fairy story, a moral fable, a farce…? If
a farce entertains through exaggerated (and improbable)
situations, then the novel probably should not be called a farce; nor
is it pure satire, where shortcomings are pinpointed and ridiculed
with the purpose of shaming specific people and/or groups into
improvement. Although Oblomov
mixture of a fable, a fairy story and a farce, in essence it is a very real observation of the process of change and
how change collects
both victims and victors.
well written and, in spite of its 586 pages, is easy to read. On
it is about a man – Oblomov, a
– who does not want to do anything else but sleep. Backward
glimpses give the reader some idea of why Oblomov, in his early
the beginning of the book,
is quite content to remain tucked
up in his bed for the better part of the day. He is lazy, but he also
cannot see any reason for doing anything: he is not interested in
social activities; he is not interested in reading; he is not
travelling. He has a friend Stolz, who is the complete opposite and
who does all in his power to rouse Oblomov from his inactive and
could well argue that Oblomov is a depressive, and yet he seems happy
doing what he is doing, that is to say, nothing.
one chooses to regard it as a satire of the Russian ruling class,
then Oblomov probably represents the laziness of people used to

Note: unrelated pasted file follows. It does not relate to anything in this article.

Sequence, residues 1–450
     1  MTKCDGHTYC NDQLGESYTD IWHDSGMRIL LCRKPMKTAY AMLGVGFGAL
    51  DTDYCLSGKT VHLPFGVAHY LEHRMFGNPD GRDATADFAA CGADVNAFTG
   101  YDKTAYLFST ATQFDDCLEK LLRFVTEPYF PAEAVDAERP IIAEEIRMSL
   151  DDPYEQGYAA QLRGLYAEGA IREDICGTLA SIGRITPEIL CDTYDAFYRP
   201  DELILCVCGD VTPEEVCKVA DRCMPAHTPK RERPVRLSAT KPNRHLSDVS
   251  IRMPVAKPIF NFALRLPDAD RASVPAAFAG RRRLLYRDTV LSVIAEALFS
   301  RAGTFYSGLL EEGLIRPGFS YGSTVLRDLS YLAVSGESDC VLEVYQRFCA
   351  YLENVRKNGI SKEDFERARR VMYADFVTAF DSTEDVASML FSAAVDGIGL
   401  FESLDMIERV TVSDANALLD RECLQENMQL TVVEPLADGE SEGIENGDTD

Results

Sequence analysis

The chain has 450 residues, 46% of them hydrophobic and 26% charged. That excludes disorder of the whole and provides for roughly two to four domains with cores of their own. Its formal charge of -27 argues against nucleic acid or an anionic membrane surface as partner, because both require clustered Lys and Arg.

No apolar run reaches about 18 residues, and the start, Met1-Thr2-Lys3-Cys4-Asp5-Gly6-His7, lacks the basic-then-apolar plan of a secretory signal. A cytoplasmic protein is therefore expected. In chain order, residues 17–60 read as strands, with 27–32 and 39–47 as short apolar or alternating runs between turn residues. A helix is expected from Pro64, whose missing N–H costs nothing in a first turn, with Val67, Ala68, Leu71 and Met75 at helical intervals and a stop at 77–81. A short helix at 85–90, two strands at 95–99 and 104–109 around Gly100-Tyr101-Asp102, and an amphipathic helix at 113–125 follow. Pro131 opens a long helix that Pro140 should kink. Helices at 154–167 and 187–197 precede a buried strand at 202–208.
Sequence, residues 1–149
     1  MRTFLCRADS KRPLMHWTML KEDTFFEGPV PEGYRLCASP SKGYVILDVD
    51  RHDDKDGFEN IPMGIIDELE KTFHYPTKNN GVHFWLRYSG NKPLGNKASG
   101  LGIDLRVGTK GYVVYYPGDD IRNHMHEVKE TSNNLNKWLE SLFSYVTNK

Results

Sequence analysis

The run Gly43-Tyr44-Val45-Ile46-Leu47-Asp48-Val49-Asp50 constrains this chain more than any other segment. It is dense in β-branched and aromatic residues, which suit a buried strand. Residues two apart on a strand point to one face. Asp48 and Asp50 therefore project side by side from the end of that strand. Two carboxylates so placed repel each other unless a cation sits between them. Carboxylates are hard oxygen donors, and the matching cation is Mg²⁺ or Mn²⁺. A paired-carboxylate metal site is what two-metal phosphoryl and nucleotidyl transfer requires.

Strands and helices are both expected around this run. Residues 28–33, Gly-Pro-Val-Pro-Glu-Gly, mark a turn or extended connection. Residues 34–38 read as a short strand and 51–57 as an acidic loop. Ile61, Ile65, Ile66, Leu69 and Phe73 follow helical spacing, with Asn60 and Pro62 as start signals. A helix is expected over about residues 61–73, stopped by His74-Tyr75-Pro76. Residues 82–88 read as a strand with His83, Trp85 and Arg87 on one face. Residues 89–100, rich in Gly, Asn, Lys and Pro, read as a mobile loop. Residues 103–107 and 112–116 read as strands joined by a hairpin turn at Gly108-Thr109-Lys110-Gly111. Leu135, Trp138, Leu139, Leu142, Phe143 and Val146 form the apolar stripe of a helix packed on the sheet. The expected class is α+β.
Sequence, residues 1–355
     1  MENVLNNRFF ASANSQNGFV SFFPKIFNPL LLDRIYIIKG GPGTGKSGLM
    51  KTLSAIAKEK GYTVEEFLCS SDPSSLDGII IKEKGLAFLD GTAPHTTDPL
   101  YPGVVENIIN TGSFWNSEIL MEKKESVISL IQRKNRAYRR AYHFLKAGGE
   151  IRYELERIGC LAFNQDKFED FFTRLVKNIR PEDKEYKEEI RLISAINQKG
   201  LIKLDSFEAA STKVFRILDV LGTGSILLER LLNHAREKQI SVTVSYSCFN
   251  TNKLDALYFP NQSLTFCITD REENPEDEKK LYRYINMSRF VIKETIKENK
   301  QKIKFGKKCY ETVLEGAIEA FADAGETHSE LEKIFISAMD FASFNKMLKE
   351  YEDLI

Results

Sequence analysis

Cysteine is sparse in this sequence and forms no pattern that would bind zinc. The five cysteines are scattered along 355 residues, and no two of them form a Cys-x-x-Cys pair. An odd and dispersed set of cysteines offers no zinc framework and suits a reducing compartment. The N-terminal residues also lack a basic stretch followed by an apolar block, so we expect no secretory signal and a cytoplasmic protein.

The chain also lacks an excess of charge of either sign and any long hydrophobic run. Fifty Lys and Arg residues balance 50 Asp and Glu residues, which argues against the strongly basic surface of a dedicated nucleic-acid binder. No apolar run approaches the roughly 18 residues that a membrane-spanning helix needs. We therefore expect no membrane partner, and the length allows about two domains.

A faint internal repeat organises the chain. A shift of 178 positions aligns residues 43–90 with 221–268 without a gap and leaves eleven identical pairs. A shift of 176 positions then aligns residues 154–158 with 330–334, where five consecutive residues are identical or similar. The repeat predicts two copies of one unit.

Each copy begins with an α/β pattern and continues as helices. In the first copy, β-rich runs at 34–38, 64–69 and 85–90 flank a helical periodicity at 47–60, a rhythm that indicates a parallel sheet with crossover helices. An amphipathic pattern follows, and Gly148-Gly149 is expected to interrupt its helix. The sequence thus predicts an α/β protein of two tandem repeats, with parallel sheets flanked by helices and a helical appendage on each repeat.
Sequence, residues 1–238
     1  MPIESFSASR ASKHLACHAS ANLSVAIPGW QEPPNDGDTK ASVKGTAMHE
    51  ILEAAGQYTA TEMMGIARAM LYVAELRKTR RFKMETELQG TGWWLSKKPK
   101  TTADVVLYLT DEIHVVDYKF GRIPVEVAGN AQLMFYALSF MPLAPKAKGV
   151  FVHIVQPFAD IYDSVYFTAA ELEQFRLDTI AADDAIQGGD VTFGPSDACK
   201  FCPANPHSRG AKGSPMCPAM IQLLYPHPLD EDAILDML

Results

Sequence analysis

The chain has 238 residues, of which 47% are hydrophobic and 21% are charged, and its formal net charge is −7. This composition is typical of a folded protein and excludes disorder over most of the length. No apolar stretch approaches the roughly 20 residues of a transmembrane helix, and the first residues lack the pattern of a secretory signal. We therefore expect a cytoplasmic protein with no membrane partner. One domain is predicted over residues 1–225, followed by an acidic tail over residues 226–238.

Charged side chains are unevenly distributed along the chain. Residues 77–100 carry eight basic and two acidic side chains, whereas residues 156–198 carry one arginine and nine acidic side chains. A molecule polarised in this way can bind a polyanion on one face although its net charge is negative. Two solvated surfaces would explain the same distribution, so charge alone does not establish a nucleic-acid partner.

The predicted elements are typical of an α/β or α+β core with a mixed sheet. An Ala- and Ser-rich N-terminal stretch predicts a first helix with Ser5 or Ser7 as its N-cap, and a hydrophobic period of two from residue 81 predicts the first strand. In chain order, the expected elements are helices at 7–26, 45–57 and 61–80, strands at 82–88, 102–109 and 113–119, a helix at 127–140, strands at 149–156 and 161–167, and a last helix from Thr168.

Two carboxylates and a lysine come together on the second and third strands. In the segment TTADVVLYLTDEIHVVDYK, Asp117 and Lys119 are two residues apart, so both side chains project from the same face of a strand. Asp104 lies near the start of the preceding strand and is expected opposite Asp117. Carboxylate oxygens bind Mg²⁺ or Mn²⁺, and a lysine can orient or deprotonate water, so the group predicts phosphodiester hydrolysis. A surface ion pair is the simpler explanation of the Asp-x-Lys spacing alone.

having everything done for them – people without any particular
ambition beyond holding on to the status quo. They are unable to make
active, important decisions, because there has always been someone to
make such decisions for them, but as society changes it becomes
obvious that they are no longer needed: they are superfluous. Life
around them is waking up; there are new ideas and new opportunities.
The ordinary person is beginning to see the possibility of a very
different kind of life for himself, and there is a very big danger
that the aristocracy will be left behind.
are two women in the novel, Olga and Agafya: Olga symbolizes the
possible, exciting – yet somewhat daunting – future, while Agafya
embodies the security of the past. Oblomov wants to be able to
embrace everything that Olga is promising him, but he is too securely
tied to the past. He has never learnt how to take a step into the
unknown, and now when he needs to he is hesitant and indecisive.
servant, Zahar, epitomizes the peasant class. In the same way that
Oblomov has spent his life being waited upon, Zahar has spent his
life doing the waiting (not always without complaint). In spite of
the indications of change, neither of them is prepared to take such a
step - not even Agafya is able to embrace change - however, with her
woman's intuition, she knows that change will happen and that it will
be a reality if not for her generation then for the generations that
come after her.
the book is read – as a satire, a fairy tale or simply as a novel
about a man who did not want to do anything – it gives many
interesting glimpses of Russia in the mid-nineteenth century. A small
gem that provokes thought, sadness and, occasionally, humour.